The company's shares, which have doubled over the past three months, jumped 41.7 percent on the news. Transcept is new to the public markets, having gained a Nasdaq stock market listing through a reverse merger of Novacea in February. Intermezzo has met its primary endpoints in three phase 3 studies and the deal seemed to assuage investor skepticism that the drug will be able to permeate an already crowded market for insomnia drugs. If approved, Intermezzo, it would be the first drug approved for patients who wake up in the middle of the night and have trouble falling back to sleep.
Tiny biotech Opexa Therapeutics (NASDAQ:OPXA), a company developing a novel T-cell immunotherapy for multiple sclerosis, landed $4 million upfront and a potential for $50 million in milestones through a collaboration with Novartis to develop Opexa’s preclinical stem cell technology. Shares of the Texas company jumped from 47 cents a share to 80 cents on the news.
Small biotech companies aren't in calm waters yet. In an effort to survive, Nabi Biopharmaceuticals (NASDAQ:NABI) sold another drug in its dwindling pipeline, its staph vaccine PentaStaph and related assets, to GlaxoSmithKline (NYSE:GSK). Nabi will get $20 million upfront and an additional $26 million contingent upon meeting four milestones. Nabi is now left with one major program designed to help people quit smoking—NicVax, a therapy that blocks nicotine from the brain. Nabi still needs to find a partner to help it put the drug through phase 3 trials.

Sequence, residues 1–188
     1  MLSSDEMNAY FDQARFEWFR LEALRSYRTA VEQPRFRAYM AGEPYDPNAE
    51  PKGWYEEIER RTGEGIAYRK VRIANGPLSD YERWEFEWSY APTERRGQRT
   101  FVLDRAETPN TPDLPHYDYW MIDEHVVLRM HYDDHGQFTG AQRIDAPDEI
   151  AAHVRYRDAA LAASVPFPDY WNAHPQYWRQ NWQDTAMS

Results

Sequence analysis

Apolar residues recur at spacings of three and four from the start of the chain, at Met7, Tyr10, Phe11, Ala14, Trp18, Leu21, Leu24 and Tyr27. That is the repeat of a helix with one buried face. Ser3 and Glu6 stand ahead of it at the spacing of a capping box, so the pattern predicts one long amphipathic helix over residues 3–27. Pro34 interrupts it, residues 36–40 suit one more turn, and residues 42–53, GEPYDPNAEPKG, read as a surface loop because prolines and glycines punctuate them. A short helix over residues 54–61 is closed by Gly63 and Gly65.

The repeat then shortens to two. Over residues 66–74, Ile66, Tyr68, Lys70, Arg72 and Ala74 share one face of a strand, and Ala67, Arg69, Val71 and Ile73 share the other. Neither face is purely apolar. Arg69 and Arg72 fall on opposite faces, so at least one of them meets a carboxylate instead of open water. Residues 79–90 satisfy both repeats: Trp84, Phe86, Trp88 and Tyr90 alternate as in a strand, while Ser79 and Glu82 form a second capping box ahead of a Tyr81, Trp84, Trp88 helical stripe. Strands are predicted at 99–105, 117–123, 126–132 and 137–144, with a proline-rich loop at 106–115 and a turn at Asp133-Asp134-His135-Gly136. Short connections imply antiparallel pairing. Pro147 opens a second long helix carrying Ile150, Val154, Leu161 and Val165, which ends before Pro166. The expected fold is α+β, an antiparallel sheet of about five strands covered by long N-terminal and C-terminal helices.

Anesiva (ANSV) is merging with privately held Arcion Therapeutics to stay alive. The new company will focus on targeted pain therapeutics and will operate under the name of Arcion Therapeutics and will have Anesiva's Nasdaq listing. The merger is expected to be completed by the end of the third quarter with Arcion and Anesiva shareholders owning approximately 64 percent and 36 percent, respectively, of the outstanding shares of the combined company.
Finally, another biotech company is shuttering its doors. San Diego’s La Jolla Pharmaceuticals (NASDAQ:LJPC) plans to ask shareholders to approve a liquidation plan for the company, according to a recent SEC filing.